POLI136 Midterm Winter 2015 - MidtermPrompt3:...

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Midterm Prompt 3: Use the Analytical Map to describe Monotheist Faiths Religious politics can best be described as the application of religious values and reasoning to the political events of the day. The pieces of this whole, religion and politics, stand foremost as separate entities and two distinct topics, and are considered to be so close to one’s core that they are often avoided in casual conversation. Ironically, this proximity to one’s core is the very reason that they are able to encompass the identity of “who one is” as an individual, as well as creating guidelines around which a societal framework can be constructed.  Through the ages, religion and politics have meshed, one thus affecting the entire product of the other as can be seen today. Following this trend, daily political decisions run parallel to the religious beliefs of the public. Resulting outcomes can be seen reflected through the news and other various media outlets, as more often than not, the entire world is involved – religious politics within a country may substantially affect issues in another country with a completely different outlook on religion, politics, and the issues in question. Hence, it becomes of increasing importance to create an “analytic map of faith in the world,” with the ability to unravel with some certainty the linkage between foundational values determined by faith and real human behavior.  Although this analytic map of faith in the world may be applied to all religions, Professor Victor Magagna at the University of California, San Diego, first applies the idea to the monotheistic faiths of world – more specifically, Judaism, Christianity, and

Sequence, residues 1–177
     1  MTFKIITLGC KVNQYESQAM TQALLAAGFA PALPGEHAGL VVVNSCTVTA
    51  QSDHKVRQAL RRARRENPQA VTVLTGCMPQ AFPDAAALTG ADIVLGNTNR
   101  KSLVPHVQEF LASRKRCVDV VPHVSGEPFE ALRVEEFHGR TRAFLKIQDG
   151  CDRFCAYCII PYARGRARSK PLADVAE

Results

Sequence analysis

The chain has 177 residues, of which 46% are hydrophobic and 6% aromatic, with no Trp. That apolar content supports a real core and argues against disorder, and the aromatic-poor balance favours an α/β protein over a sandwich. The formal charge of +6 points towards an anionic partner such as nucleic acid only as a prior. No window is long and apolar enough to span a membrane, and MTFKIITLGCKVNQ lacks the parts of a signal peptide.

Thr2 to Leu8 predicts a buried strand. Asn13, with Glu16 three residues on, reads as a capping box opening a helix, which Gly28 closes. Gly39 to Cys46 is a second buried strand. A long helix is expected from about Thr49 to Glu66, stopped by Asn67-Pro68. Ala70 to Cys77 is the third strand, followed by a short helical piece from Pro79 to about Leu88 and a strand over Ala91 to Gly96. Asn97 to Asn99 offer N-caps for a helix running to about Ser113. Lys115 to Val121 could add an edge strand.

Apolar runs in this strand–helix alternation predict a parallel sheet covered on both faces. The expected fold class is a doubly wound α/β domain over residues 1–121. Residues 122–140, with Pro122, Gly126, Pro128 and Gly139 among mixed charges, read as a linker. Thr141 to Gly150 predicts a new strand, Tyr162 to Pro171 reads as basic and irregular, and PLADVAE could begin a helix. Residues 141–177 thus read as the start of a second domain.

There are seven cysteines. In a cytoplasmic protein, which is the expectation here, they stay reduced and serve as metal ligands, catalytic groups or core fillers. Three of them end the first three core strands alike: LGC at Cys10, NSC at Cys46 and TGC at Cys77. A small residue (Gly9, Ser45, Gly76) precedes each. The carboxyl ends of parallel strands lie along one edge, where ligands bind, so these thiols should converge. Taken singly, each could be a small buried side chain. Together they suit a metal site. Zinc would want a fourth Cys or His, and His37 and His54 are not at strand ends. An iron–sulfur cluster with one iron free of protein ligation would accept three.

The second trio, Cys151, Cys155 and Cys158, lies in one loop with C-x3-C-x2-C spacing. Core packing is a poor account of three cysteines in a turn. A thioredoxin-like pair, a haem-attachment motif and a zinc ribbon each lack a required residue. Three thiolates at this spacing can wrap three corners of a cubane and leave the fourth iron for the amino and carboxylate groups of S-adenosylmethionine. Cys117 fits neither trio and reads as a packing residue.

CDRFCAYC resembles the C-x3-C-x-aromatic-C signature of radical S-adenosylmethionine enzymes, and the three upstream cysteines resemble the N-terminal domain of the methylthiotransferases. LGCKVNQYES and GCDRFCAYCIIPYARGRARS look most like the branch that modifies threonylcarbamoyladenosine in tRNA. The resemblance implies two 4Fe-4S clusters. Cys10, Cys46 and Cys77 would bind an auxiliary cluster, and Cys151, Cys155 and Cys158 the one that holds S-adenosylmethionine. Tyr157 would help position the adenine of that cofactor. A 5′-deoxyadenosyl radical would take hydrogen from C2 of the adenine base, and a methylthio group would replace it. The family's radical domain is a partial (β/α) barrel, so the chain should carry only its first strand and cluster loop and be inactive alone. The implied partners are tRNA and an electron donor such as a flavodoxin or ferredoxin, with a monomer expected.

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2 Islam.  These three monotheistic faiths all share in common the belief that there is indeed one true God, and although there are tremendous differences amongst all three in terms of thought, behavior, and institution, there is an acute, shared focus on salvation. Salvation is considered to be a “function of faith and work,” but this function is also “variable across the three faiths.” In an example of this, one may ask the question,” How much work does faith command in each of these three faiths?” The question brings another issue to light - in particular, the issue is one that presses a direct focus on the convergence and divergence of monotheistic faiths.  The story of Abraham is one that is able to shed light upon this issue; the implications, though not obvious, are essential to understanding the monotheistic faiths.
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